ALEXANDRIA, Va. — Commercial truck drivers—and the truckstops and travel centers that support them—are an essential part of the nation’s supply chain, no less so during the COVID-19 pandemic. In light of that role, NATSO and the American Trucking Associations (ATA) have sent a letter to the heads of several organizations of state and local officials urging them to consider the operational differences among businesses when implementing social distancing guidelines to ensure that truckstops can safely serve commercial drivers without delaying the delivery of critical emergency relief supplies and other goods.
Truckstop workers and commercial drivers are included on the list of “essential critical infrastructure workers” by the U.S. Department of Homeland Security’s Cybersecurity and Infrastructure Security Agency (CISA) in its Guidance on the Essential Critical Infrastructure Workforce. But many local officials are exceeding the Centers for Disease Control and Prevention's (CDC's) recommended social distancing guidelines and enforcing strict occupancy limits in travel centers, severely delaying the drivers when they stop for food or fuel, or to use restrooms, showers and other services.
Some localities are enforcing occupancy limits of as few as five to 10 people, including employees. In certain parts of the country, this is resulting in drivers waiting in long lines to enter nearly empty truckstops to purchase food and use the facilities, which extends the delivery time for transporting goods in support of pandemic relief efforts.
“With professional drivers moving more than 70% of the goods consumed in the U.S., it is imperative that we keep our travel centers open, while following health and social distancing guidelines, to ensure the movement of supplies throughout the country,” said Jimmy Haslam, CEO of Pilot Co., Knoxville, Tenn.
Truckstops and travel plazas frequently have a very large footprint and can average 28,000 square feet, giving them the ability to safely serve truck drivers within the 6-foot social distancing guidelines issued by the CDC without imposing extreme caps on the number of customers in a location at one time, the groups said.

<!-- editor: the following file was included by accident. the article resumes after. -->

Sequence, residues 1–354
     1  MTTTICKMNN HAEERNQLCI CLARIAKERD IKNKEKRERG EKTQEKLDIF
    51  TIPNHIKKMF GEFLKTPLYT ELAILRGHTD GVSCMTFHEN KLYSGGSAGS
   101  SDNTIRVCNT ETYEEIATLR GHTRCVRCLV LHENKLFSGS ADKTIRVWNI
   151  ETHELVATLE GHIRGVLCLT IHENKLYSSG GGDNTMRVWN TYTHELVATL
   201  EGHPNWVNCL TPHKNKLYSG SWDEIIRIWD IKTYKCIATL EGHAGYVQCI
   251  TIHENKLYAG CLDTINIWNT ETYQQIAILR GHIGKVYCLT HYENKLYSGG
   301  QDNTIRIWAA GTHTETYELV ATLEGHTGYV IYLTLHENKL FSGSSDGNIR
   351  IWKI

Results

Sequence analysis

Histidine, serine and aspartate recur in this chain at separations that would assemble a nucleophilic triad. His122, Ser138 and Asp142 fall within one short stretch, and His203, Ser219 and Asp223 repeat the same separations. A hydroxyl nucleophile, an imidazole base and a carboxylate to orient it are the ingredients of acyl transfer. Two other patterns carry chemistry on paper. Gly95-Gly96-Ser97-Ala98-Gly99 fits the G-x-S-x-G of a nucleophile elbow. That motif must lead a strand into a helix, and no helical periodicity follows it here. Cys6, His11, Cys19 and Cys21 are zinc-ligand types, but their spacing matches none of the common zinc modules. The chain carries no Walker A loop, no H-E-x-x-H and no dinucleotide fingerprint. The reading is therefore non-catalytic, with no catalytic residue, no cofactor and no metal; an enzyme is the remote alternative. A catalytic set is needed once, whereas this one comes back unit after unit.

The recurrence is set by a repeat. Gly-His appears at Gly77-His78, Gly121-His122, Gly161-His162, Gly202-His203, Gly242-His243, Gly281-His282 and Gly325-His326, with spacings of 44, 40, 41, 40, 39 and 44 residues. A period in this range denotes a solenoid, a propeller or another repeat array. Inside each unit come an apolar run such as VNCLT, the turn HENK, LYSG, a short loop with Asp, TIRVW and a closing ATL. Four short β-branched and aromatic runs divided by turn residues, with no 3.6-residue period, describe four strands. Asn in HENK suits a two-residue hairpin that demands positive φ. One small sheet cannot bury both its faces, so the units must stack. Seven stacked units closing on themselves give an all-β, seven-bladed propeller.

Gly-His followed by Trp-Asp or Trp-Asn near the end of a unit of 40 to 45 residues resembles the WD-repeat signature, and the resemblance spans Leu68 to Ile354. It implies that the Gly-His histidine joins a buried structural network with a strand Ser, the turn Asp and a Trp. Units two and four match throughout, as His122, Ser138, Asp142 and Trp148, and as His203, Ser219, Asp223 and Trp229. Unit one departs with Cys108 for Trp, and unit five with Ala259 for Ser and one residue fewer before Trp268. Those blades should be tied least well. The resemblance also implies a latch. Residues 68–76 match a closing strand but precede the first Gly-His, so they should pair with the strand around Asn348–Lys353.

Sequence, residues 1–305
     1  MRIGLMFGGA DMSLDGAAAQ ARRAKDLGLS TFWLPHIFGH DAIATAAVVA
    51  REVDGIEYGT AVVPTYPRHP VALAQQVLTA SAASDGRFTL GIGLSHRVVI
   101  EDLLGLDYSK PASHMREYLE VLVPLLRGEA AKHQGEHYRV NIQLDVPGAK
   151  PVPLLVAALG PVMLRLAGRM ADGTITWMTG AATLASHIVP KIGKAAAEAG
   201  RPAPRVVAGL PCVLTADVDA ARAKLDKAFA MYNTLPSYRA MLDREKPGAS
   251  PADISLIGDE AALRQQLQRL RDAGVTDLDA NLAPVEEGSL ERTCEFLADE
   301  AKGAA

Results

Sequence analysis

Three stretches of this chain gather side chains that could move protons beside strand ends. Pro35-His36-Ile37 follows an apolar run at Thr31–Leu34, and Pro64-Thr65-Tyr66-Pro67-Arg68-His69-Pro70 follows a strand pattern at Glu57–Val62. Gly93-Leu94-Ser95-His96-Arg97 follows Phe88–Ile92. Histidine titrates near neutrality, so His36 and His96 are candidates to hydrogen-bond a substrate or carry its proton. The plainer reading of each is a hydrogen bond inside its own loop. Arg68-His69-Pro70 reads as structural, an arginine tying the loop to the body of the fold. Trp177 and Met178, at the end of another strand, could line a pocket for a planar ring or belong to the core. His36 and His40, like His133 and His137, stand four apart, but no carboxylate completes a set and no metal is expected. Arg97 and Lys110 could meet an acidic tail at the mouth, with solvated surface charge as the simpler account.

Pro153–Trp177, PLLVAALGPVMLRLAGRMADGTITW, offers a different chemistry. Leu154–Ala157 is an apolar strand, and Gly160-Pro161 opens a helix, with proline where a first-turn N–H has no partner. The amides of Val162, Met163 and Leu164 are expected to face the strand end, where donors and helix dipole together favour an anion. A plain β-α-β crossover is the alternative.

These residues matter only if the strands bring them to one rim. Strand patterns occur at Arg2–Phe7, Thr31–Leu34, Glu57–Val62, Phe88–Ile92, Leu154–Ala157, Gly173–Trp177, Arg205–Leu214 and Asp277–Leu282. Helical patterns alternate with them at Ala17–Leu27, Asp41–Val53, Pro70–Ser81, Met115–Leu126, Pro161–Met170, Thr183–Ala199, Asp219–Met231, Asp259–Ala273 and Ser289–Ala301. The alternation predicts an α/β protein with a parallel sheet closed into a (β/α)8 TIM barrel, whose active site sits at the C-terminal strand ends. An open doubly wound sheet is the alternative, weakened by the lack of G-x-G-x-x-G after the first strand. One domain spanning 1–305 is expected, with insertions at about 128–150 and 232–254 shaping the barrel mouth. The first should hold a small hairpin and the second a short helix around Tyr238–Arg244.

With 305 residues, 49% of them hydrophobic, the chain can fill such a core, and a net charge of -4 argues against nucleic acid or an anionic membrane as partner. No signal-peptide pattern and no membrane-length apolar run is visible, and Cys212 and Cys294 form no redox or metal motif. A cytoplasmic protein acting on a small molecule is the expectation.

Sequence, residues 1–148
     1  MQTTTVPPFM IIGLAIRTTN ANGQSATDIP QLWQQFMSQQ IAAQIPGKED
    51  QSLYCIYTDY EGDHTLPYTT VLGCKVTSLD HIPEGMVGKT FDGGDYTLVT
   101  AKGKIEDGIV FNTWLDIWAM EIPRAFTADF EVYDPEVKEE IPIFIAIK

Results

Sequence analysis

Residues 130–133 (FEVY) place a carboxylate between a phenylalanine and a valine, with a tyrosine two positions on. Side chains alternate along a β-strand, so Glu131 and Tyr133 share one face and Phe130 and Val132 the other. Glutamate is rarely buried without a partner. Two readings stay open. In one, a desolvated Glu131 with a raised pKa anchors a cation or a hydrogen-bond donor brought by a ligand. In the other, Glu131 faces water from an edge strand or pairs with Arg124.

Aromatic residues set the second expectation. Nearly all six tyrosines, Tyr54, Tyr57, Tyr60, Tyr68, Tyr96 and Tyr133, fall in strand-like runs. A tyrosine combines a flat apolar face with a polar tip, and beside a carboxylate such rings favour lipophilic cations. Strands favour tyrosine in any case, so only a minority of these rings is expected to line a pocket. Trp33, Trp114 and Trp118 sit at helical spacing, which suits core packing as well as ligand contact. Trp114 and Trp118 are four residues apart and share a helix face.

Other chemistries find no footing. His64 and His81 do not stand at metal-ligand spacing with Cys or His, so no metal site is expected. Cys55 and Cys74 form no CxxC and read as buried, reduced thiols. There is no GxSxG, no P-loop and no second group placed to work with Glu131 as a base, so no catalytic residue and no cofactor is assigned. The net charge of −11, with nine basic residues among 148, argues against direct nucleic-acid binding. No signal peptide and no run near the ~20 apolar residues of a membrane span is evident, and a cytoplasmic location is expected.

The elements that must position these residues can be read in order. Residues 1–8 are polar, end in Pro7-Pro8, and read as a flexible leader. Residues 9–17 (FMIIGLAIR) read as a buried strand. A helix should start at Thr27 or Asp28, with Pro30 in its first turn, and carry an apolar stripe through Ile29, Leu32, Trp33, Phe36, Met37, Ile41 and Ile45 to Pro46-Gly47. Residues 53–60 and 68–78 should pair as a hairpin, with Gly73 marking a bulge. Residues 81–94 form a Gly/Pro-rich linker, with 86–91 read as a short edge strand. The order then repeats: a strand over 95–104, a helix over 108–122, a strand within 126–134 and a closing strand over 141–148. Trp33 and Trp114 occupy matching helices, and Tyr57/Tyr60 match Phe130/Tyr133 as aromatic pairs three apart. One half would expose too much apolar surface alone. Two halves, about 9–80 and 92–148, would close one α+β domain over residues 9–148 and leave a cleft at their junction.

“Varying interpretations of the CDC guidelines are creating exceedingly long wait times for truck drivers to buy food, use the facilities and get back on the road, hindering their ability to deliver medical supplies or keep grocery store shelves stocked,” said NATSO President and CEO Lisa Mullings. “What should be 20-minute stops are turning into more than two-hour layovers. It is imperative that local enforcement officials enforce occupancy caps in truckstops in a manner that adheres to CDC social distancing guidelines without unnecessarily disrupting the efficient movement of essential supplies throughout the country.”
NATSO and ATA, both based in Alexandria, Va., expressed their concerns in a letter to the National Association of Counties; National Association of County and City Health Officials; the National League of Cities; and the U.S. Conference of Mayors.
“Each day during this pandemic, truck drivers are out on the road making critical deliveries to markets, hospitals and consumers. If local governments impede them from making those deliveries, they are putting lives at risk,” said ATA President and CEO Chris Spear. “We urge officials at all levels of government to help our industry keep those deliveries rolling by keeping facilities open and accessible for drivers to use in a safe and efficient manner.”